Liberal Democrats decimated across Britain in unprecedented defeat
Veteran party members Vince Cable, Simon Hughes and Charles Kennedy all lost their seats, as did the party’s Business Minister Jo Swinson.
Reflecting on the party’s defeat, Lib Dem leader Nick Clegg said Thursday night had proved a “cruel and disappointing” experience for him and his co-members.
In a heartfelt resignation speech, he said “fear and grievance” had won, while Liberalism had lost.
Clegg announced his resignation on Friday before noon, stressing that the election results had been "immeasurably more crushing and unkind" than predicted.
He said he must take responsibility for the Lib Dem's loss, and thanked his colleagues for their hard and diligent work in recent years.
As the remaining votes are counted on Friday, the Conservatives are edging closer to an overall majority.
And as the remaining votes are counted, a dramatic collapse in support for the Lib Dems is particularly evident. As it currently stands, it has lost a minimum of 46 seats in Parliament and may have as few as eight seats once the final counts are in.
Compared with the party’s previous 57 seats in parliament, this marks a drop in support of almost 80 percent.
Some of the highest-profile Lib Dems to lose their seats were:
1. Vince Cable
As the tectonic plates of British politics shift, one of the highest-profile Lib Dem members to forfeit his seat was outgoing business secretary and MP for Twickenham Vince Cable. Cable’s exit from the House of Commons proved a heavy blow to the party and for Cable on a personal level, as he had laid claim to the seat since 1997.
The outgoing business secretary was also one of the few Lib Dems who won over 50 percent of the vote in Britain’s last two general elections.
While party leader Nick Clegg described Cable as a “legend of a man” when he visited Cable’s constituency in the final days of the campaign race, Tory candidate Tania Mathias managed to take his seat on Thursday.
2. Norman Baker
Norman Baker, the party’s ex-home office minister, lost his Lewes seat to the Conservatives. In the wake of his defeat, he conceded his political career is over. Baker, an MP in the Commons since 1997, stepped down as a minister in November 2014 following a public row with Home Secretary Theresa May over UK drugs legislation.
3. Danny Alexander
Former Chief Secretary to the Treasury Danny Alexander also lost his seat to the SNP’s 20-year-old Drew Hendry. Analysts suggest Alexander’s loss in support was a direct result of his role in welcoming and implementing the Conservative’s highly controversial austerity program.
Clearly devastated by the news of his defeat, Alexander said he will “always be proud of the difference I and my party have made to the country in the last five years."
4. Lynne Featherstone
Another grueling loss for the Lib Dems is Lynne Featherstone’s defeat in the constituency of Hornsey and Wood Green. A core battleground throughout the campaign race, the seat was a leading target for Labour, which wiped the Lib Dems out there in 2010.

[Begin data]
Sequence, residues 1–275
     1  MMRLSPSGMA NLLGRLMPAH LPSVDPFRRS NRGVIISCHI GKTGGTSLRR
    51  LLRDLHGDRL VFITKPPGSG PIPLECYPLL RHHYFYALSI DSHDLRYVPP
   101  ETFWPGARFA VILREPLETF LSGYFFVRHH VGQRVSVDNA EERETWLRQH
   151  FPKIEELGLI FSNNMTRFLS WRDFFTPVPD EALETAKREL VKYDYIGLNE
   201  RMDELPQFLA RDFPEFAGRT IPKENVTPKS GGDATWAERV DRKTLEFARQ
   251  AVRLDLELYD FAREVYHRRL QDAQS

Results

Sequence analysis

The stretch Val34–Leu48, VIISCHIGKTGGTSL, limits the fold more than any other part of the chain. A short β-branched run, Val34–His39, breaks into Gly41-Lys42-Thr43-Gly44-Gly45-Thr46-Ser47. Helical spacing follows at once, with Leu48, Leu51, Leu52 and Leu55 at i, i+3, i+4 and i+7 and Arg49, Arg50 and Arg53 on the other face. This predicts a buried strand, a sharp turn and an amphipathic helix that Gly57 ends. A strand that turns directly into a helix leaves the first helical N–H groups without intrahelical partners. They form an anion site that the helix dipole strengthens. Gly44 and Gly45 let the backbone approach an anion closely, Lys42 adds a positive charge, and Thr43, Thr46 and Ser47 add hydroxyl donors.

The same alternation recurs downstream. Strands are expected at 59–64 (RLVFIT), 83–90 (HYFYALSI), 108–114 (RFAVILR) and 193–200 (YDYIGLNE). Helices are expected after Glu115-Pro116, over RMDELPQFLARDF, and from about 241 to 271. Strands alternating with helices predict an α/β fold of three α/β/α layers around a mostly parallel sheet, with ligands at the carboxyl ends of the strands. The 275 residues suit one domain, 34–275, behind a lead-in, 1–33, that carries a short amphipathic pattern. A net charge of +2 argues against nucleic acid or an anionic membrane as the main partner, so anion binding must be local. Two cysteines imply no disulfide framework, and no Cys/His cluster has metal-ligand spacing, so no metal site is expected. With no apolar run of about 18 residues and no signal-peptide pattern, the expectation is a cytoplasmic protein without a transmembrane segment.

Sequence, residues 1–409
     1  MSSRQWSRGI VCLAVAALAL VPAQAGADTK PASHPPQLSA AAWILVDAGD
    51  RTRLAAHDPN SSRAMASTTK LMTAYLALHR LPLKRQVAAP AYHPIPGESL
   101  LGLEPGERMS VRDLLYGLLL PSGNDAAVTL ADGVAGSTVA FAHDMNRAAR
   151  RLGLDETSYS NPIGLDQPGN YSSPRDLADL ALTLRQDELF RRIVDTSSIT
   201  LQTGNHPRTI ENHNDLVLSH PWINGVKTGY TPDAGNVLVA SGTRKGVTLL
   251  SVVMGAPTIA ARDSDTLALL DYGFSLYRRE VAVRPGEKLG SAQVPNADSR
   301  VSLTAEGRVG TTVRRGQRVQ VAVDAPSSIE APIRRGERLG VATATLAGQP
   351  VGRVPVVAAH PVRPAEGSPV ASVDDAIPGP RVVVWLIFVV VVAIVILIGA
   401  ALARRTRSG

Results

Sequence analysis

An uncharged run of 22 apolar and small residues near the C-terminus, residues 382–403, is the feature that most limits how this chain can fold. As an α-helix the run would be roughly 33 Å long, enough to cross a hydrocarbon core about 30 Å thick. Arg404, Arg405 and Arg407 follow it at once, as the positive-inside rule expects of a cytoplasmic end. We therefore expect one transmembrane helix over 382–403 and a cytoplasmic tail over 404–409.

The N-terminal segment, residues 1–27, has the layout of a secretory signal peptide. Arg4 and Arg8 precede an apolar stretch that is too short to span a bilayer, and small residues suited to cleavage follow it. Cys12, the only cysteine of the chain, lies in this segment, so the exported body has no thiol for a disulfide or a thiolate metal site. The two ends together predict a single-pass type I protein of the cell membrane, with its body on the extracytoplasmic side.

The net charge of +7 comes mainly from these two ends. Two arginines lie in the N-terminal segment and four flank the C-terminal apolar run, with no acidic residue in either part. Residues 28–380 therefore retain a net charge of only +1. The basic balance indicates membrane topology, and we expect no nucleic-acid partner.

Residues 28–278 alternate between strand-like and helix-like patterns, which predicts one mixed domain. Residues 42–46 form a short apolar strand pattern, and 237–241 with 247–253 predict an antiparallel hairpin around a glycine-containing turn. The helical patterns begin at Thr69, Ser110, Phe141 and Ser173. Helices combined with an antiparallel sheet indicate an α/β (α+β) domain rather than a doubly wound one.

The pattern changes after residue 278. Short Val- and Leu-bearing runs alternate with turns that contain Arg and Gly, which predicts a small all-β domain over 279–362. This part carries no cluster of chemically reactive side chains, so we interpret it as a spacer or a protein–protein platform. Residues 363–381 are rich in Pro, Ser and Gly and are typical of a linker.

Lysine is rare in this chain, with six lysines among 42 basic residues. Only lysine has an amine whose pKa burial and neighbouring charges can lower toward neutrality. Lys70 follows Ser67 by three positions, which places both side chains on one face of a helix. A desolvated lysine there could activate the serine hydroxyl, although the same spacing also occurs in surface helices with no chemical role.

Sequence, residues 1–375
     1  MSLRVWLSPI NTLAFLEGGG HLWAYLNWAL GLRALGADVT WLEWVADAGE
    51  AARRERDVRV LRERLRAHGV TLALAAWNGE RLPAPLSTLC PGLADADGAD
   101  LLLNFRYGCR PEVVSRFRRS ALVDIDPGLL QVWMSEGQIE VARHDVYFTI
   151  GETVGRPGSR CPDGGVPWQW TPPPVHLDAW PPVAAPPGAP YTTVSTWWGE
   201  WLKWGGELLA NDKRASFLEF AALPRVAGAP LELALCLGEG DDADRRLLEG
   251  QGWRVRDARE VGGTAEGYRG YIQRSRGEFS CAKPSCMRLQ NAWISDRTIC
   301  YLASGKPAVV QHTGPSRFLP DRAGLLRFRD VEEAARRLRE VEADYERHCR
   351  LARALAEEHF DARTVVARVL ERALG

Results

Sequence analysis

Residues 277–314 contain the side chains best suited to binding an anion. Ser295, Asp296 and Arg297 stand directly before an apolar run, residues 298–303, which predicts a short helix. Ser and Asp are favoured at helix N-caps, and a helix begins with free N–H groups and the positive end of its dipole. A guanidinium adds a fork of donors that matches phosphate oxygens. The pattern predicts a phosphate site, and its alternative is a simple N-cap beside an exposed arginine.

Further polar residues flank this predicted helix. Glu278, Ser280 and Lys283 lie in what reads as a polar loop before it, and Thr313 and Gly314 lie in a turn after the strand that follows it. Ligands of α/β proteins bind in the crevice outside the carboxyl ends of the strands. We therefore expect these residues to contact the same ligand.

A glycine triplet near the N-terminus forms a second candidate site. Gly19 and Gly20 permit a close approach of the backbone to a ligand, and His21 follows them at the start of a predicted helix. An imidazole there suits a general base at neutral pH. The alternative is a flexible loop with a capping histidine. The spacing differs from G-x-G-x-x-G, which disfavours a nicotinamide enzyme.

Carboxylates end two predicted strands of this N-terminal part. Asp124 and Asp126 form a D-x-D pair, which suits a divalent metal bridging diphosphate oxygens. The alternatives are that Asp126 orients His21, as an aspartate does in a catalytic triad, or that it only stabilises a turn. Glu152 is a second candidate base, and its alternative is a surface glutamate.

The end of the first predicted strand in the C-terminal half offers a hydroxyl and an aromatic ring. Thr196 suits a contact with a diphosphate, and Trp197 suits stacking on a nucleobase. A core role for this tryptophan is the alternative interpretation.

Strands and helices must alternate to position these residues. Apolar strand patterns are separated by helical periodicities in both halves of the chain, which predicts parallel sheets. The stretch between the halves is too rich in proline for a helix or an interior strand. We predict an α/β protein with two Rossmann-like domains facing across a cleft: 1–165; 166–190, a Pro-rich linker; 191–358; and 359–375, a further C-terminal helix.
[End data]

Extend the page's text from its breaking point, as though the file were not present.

Formerly Home Office minister, then Minister of State for International Development, and back again to the Home Office, she played a core role in campaigning for the 2013 Marriage (Same Sex Couples) Act. She was also one of the leading voices behind government policies to tackle female genital mutilation.
5. Simon Hughes
Another leading Lib Dem to lose his seat was outgoing minister of state Simon Hughes. The former Lib Dem deputy leader lost his seat in Bermondsey and Old Southwark to Labour’s Neil Coyle. Hughes appeared devastated as the news of his defeat broke. Critics suggest he was a victim of the electorate’s distaste for the coalition’s austerity policies and Clegg’s perceived broken promise on university fees.
Hughes secured close to 50 percent of the electorate’s backing in 2010, and has served his local constituency for 30 years.
6. Ed Davey
Lib Dem energy secretary Ed Davey was the first minister to be ousted from the Commons on Thursday night. Davey, who was previously singled out as a potential future party chief, lost his seat to James Berry of the Conservatives.
The outgoing energy secretary held his seat in Kingston and Surbiton since 1997. He took up the position of energy secretary in 2012, following Chris Huhne’s resignation in the wake of allegations he had engineered a miscarriage of justice.
7. Jo Swinson
Jo Swinson won a seat in the Commons at 25 years of age, becoming a Lib Dem MP in Glasgow’s East Dunbartonshire. Following a 10-year stint that saw her move from the position of Nick Clegg’s private secretary to junior equalities minister, Swinson lost her seat to the SNP’s John Nicholson.
8. Charles Kennedy
Former Liberal Democrat leader Charles Kennedy came second to nationalist Ian Blackford in the Ross, Skye and Lochaber. Kennedy said he will remain very much involved in British politics, despite his high-profile defeat by the SNP.
In an impassioned letter to the Liberal Democrats, ex-party leader Paddy Ashdown said the “bitter” election results did not do justice to the party’s “hard work, dedication or passion.”
“Let us remember what we fought for – liberal values, offering a vibrant, positive, and hopeful alternative for our country,” he said.
“The forces of decency, moderation, unity, respect for others and progressive politics are weaker this morning. But they are not lost, and they must not be lost.”
A Lib Dem spokesperson said the election results appeared to point to an ominous picture.
The Green Party’s Natalie Bennett, who lost her central London seat, said “politics of fear have outweighed the politics of hope.”
Labour’s Ed Miliband expressed grave disappointment at his party’s failure to win a majority in the commons.
“This has clearly been a very disappointing and difficult night,” he said.
“The next government faces a huge responsibility in keeping the country together.”